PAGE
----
11/05/2012 05:51 pm ET Updated Jan 23, 2014

The Spiritual Heroism of Chris Christie and the Power of Healthy Fear

One of Hurricane Sandy's consequences is surprisingly heartening: in the most affected communities, people fear more for the welfare of their families and neighbors than for the rarefied concerns that occupy most of our time. It is possible to pull out of this natural disaster deep and true observations about the nature of fear, and to distinguish between healthy concerns and those that are a waste of time.

In the yuppie tradition (of which I am a part) thrives a fascinating phenomenon, where those who live in safety enjoy putting themselves in danger.

Well, maybe "in danger" is too strong -- more like next to danger. You know what I'm describing: boxing, surfing, MMA, skydiving, rock climbing, backpacking, scuba-diving, skiing -- the list goes on. What links them all is exhilaration and the possibility of getting messed up in the process.

I won't criticize too much; I'm one of these types -- suburban born, seeking opportunities to leave safety behind.

Now, there is a method behind this modern madness; sitting next to danger is a way of choosing healthy fear over distracting, meaningless fear. It's a way of choosing to which fears one will respond.

Fear cannot be banished from life. We talk of conquering fear, but the idiom is misleading. Fear does not stay cowed. Instead what one can do is respond well in its face. Remember Kierkegaard's preamble to "Fear and Trembling":

"In those old days it was different. For then faith was a task for a whole lifetime, not a skill thought to be acquired in either days or weeks. When the old campaigner approached the end, had fought the good fight, and kept his faith, his heart was still young enough not to have forgotten the fear and trembling that disciplined his youth."

And one can choose which kinds of fear dominate one's life.

Fear is all around us. Unfortunately, most of it is stupid: parents fear that their child may not be exceptional at every moment (and blackmail teachers to make it so); young professionals fret whether we'll make our mark upon the world, and whether it'll be the right kind of mark, the kind with a Prius and a boutique latte bought at the right farmers market. And then there is the most pernicious fear of all: that those from the wrong kind of social and national strata will somehow invade our lives for the worse, taking from us what belongs to us, putting our families in danger, threatening our identities. We are gripped by useless fear.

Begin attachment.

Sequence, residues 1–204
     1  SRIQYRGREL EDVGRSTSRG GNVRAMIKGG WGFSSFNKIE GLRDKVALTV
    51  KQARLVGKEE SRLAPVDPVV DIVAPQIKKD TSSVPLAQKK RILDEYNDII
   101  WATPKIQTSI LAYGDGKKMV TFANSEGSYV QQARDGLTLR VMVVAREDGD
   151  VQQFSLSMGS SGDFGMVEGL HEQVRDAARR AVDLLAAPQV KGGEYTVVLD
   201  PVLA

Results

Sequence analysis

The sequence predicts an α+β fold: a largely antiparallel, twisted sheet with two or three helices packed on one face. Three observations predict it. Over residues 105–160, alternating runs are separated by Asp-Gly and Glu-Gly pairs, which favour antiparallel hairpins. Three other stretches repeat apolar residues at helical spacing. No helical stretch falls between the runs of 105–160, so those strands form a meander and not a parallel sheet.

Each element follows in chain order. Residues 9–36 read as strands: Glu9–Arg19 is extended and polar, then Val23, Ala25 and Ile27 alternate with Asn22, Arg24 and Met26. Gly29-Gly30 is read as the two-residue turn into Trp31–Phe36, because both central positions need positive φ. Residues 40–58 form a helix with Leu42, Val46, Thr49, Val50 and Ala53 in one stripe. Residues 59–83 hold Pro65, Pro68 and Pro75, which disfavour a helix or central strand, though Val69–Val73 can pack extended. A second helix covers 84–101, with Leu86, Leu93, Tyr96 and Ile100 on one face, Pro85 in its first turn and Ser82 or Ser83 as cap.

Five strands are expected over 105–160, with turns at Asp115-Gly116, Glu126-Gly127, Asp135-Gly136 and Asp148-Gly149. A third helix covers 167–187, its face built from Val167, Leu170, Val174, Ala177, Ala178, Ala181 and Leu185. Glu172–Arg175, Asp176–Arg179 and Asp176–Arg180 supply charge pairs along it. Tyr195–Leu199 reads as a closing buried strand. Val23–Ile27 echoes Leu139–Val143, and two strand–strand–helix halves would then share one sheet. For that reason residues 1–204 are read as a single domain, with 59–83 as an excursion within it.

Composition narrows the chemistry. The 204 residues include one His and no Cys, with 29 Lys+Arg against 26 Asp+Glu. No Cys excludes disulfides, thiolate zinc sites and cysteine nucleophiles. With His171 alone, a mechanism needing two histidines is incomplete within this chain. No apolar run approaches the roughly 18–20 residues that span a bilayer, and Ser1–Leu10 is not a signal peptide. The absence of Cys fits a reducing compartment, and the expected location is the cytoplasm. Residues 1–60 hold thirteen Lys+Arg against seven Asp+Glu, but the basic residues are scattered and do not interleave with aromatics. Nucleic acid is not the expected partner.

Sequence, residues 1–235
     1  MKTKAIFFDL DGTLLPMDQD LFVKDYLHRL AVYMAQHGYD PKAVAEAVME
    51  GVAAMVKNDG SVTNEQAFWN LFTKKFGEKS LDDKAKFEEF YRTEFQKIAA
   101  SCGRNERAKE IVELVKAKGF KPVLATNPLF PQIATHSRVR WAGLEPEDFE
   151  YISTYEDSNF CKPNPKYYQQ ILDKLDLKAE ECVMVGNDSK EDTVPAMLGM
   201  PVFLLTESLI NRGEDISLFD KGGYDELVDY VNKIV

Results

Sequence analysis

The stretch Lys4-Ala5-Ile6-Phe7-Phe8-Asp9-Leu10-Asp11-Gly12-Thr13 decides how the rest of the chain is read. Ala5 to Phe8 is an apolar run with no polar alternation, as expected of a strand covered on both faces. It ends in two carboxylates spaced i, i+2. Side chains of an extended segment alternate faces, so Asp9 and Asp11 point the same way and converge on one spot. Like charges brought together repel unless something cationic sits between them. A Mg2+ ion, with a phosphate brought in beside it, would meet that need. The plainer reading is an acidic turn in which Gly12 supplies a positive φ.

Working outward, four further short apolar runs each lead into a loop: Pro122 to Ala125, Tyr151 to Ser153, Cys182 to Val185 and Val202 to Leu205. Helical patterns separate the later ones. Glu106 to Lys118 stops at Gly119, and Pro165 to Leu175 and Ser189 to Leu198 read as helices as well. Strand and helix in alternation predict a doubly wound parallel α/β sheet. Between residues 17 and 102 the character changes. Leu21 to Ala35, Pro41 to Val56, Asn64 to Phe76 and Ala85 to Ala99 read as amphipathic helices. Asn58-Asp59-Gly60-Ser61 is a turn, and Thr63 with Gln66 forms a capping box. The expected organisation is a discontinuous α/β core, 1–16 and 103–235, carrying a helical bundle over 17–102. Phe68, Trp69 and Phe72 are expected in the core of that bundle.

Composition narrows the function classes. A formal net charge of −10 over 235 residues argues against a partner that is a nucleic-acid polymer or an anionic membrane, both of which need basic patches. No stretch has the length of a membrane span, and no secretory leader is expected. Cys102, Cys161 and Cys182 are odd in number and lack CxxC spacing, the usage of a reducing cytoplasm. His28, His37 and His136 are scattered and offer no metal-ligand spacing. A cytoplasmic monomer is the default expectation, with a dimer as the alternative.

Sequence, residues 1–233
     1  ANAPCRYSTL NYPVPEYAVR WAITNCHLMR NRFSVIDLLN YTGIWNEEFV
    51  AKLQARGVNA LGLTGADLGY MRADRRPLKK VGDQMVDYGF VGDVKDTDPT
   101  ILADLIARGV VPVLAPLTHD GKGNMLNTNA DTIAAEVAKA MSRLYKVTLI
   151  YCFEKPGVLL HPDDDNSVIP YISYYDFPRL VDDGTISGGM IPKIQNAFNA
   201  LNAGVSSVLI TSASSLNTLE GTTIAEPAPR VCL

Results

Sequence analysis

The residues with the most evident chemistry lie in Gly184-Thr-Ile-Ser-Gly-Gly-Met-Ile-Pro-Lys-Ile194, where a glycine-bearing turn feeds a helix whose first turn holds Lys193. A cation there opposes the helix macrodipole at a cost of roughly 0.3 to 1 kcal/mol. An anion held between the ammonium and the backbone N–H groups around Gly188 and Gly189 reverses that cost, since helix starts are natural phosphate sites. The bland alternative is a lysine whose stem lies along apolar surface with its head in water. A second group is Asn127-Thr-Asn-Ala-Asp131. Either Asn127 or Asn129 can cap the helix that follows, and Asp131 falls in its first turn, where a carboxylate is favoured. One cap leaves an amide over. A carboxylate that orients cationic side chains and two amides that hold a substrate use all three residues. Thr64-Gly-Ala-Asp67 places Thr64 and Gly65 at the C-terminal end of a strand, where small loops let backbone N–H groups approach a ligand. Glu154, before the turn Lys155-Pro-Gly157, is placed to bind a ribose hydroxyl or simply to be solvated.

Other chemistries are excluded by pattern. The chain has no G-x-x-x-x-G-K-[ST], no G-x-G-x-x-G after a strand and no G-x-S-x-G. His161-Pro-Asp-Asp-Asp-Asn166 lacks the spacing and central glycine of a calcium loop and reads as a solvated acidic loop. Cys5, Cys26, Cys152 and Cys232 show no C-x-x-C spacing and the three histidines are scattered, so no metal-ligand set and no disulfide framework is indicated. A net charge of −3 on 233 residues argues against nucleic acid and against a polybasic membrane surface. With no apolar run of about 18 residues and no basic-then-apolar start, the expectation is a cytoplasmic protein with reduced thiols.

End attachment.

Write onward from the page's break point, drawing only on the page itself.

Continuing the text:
When in the clutch of dumb fear, a little danger readjusts one's perspective. Getting hit in the face is a wonderfully clarifying experience; being tossed off the face of a wave prioritizes life beautifully. In those moments, one tends not to sweat the small stuff.

Of course, these experiences are all moderated. One chooses to enter into them. Most of the time, one can leave at will. We who can afford this perverse enjoyment are the straw in the world's haystack. Much of the rest of humanity lives in fear from which they cannot escape. And there is no glory in their pain.

Rather the point is that people cannot escape fear by insulating themselves in economic privilege. The fear just turns into something else: something far less relevant, something harmful because it is so speculative, a kind of useless fear that inevitably preys upon others: parents badger teachers over Bs; consumption (driven by fear of not having) requires low prices, which destroy working conditions; the well-off build walls to protect themselves from dangers real and imagined, creating stratified communities.

There is a spiritual technique of cultivating healthy fear to ward off these excesses.

Within Torah communities, people talk about yirah -- fear -- quite positively. To have yirat shamyim (fear of heaven) is a virtue. We've even got a verse for it: "The beginning of wisdom is the fear of God" (Psalm 111:10).

Most moderns view the idea with distaste: What kind of good God would want to be feared?

But I think we miss the point. To say someone has yirah means that she has chosen what to fear: not the boss, nor the neighbors, nor the neighbor's opinion, nor the kids' academic future. Yirah is fear of two things: what account she will give to the Creator, and whether the Master of the World will bring life-threatening danger in her lifetime.

The wisdom is in choosing what to fear, and the two above are far more worthy than those that normally consume us.

This is why Gov. Chris Christie is my hero. Our current political culture demands toeing party lines and focusing on electoral gain to the exclusion of any other concern.

Which is really dumb.

To say, "I've got 2.4 million people out of power. I've got devastation on the shore. I've got floods in the northern part of my state. If you think right now I give a damn about presidential politics then you don't know me," is to let healthy fear, the kind that works for good, prevail.

No one asks for a hurricane, but there is something set free in the soul when communities make sure that people have food, clothing, power, safety and medical care -- real things. God bless those who are afraid for their neighbors in Sandy's aftermath.